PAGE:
The article from our colleague Evi Koene is now online available and will be published in Current opinion in clinical nutrition and metabolic care with the following title: “Novel insights in intestinal and hepatic fructose metabolism: from mice to men“.
The full article can be found here: https://doi.org/10.3390/biom11111680
Read the abstract below:
Purpose of review: The rise in fructose consumption in parallel with the current epidemic of obesity and related cardiometabolic disease requires a better understanding of the pathophysiological pathways that are involved.
Recent findings: Animal studies have shown that fructose has various effects on the intestines that subsequently affect intrahepatic lipid accumulation and inflammation. Fructose adversely affects the gut microbiome – as a producer of endotoxins and intermediates of de novo lipogenesis – and intestinal barrier function. Furthermore, intestinal fructose metabolism shields fructose away from the liver. Finally, fructose 1-phosphate (F1-P) serves as a signal molecule that promotes intestinal cell survival and, consequently, intestinal absorption capacity. Intervention and epidemiological studies have convincingly shown that fructose, particularly derived from sugar-sweetened beverages, stimulates de novo lipogenesis and intrahepatic lipid accumulation in humans. Of interest, individuals with aldolase B deficiency, who accumulate F1-P, are characterized by a greater intrahepatic lipid content. First phase II clinical trials have recently shown that reduction of F1-P, by inhibition of ketohexokinase, reduces intrahepatic lipid content.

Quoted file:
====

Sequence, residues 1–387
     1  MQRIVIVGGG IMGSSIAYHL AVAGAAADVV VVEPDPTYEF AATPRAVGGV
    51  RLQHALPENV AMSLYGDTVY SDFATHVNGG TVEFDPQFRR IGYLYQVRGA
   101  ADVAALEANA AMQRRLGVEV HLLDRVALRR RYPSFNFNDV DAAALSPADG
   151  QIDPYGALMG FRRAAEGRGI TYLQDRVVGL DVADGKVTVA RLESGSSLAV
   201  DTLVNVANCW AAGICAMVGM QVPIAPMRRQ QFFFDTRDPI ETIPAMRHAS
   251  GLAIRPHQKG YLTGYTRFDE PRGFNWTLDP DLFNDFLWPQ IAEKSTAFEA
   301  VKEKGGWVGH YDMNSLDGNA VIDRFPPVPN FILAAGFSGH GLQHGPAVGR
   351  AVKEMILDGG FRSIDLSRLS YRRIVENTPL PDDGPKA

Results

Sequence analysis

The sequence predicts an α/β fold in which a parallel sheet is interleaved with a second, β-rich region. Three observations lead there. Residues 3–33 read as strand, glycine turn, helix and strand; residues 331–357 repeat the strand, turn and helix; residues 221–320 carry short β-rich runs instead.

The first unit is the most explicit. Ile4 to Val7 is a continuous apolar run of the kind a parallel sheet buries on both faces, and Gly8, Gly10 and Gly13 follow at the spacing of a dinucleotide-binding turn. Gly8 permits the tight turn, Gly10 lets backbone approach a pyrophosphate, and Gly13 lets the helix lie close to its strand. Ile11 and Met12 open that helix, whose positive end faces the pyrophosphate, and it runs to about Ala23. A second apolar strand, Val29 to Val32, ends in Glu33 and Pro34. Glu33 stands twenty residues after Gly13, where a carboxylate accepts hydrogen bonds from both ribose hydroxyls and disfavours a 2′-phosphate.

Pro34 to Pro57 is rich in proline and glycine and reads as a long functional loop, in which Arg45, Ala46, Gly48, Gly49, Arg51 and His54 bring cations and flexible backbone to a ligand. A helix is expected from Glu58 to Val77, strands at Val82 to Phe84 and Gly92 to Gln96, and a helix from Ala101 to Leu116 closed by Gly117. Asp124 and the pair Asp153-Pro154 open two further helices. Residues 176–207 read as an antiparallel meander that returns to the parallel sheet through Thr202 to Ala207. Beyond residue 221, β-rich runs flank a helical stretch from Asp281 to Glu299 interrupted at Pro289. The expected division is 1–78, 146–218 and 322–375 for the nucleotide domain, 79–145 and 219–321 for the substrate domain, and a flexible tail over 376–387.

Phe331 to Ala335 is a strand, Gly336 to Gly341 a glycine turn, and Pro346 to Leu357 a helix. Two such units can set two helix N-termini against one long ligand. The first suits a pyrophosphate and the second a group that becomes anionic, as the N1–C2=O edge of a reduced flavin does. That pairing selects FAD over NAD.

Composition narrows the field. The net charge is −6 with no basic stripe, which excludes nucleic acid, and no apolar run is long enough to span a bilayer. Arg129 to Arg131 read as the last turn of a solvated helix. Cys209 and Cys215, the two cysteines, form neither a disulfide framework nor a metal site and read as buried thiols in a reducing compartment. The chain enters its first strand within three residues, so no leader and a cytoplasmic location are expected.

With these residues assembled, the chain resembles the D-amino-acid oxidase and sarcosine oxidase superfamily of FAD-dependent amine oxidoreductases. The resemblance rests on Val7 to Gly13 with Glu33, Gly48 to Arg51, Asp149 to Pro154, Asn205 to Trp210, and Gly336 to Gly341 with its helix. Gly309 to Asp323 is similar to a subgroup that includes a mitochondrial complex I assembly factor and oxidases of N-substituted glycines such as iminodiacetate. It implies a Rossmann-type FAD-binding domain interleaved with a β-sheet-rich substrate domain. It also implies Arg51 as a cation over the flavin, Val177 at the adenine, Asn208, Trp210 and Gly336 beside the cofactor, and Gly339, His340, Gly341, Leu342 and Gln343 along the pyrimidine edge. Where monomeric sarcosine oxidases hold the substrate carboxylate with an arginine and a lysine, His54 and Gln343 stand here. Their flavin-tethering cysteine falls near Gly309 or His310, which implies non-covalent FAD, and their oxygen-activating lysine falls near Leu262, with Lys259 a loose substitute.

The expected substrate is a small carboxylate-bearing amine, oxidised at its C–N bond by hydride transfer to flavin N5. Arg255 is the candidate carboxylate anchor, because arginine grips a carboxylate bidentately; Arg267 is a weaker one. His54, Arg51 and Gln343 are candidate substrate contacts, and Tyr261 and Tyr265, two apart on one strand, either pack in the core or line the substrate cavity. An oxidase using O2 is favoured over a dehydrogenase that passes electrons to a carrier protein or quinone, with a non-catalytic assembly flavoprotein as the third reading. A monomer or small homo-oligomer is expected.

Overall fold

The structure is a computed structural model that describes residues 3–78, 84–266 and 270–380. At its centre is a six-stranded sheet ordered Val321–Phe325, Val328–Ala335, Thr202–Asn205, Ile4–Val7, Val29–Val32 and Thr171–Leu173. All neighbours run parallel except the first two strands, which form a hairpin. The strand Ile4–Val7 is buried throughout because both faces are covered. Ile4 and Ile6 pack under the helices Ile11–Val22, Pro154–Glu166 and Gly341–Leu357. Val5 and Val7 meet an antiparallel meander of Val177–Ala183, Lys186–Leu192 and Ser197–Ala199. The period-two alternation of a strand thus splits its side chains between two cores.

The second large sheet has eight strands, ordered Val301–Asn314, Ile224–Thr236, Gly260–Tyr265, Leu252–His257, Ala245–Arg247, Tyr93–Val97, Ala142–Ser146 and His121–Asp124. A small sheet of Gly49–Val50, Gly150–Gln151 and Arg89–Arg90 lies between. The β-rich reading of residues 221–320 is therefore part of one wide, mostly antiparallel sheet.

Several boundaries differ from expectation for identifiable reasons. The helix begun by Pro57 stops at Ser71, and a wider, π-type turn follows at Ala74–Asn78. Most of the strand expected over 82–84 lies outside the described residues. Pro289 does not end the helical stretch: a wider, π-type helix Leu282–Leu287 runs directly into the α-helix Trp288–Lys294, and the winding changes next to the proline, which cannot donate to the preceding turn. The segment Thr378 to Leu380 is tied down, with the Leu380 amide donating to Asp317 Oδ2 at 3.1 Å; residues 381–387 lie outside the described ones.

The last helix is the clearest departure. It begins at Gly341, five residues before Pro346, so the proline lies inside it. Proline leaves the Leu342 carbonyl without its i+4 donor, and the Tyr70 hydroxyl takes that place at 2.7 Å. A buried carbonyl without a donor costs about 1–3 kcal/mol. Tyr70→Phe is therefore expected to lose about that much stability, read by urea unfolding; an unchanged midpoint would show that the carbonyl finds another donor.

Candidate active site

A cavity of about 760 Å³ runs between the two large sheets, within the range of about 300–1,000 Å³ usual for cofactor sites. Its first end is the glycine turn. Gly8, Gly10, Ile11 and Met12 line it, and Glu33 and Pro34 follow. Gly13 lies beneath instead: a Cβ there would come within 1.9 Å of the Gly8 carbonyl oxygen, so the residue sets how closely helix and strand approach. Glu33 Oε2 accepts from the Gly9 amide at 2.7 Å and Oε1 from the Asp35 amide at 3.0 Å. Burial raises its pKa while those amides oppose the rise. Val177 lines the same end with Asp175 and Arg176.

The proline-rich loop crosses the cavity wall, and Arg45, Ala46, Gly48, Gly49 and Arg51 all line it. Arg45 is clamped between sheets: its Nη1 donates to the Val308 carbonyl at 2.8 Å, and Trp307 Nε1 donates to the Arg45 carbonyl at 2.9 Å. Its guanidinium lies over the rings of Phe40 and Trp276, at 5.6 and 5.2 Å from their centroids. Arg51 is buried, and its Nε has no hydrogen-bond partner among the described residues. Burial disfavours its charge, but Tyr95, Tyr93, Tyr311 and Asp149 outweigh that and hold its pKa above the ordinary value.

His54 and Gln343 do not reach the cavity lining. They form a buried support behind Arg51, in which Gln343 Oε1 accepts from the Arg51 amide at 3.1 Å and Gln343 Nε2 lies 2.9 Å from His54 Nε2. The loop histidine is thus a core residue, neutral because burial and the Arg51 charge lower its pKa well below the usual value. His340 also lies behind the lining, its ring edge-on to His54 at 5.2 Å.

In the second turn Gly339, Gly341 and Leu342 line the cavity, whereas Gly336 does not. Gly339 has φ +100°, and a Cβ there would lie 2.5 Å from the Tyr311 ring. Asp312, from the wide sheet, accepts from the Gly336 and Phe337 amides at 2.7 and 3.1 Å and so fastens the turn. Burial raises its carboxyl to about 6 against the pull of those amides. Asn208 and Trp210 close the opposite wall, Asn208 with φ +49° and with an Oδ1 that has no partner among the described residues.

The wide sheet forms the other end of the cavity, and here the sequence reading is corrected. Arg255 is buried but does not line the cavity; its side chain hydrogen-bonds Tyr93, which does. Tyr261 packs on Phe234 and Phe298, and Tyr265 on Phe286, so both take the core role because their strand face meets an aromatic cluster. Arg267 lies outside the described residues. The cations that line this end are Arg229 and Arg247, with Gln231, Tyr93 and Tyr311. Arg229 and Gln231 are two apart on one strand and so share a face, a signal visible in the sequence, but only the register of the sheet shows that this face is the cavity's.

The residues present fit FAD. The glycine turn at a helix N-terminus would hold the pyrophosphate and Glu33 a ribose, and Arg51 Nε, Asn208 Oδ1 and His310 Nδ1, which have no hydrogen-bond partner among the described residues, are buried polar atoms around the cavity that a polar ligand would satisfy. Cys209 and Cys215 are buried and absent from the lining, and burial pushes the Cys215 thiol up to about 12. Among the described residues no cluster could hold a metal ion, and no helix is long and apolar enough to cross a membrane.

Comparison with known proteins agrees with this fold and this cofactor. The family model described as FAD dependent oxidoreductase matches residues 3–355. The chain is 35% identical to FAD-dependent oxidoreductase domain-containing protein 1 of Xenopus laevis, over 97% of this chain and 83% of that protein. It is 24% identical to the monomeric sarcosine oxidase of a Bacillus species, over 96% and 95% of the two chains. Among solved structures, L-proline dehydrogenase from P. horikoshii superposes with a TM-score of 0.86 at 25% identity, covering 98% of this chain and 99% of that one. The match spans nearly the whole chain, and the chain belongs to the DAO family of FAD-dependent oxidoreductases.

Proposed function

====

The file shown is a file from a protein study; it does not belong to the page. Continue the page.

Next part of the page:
Summary: Experimental evidence supports current measures to reduce fructose intake, for example by the implementation of a tax on sugar-sweetened beverages, and pharmacological inhibition of fructose metabolism to reduce the global burden of cardiometabolic disease.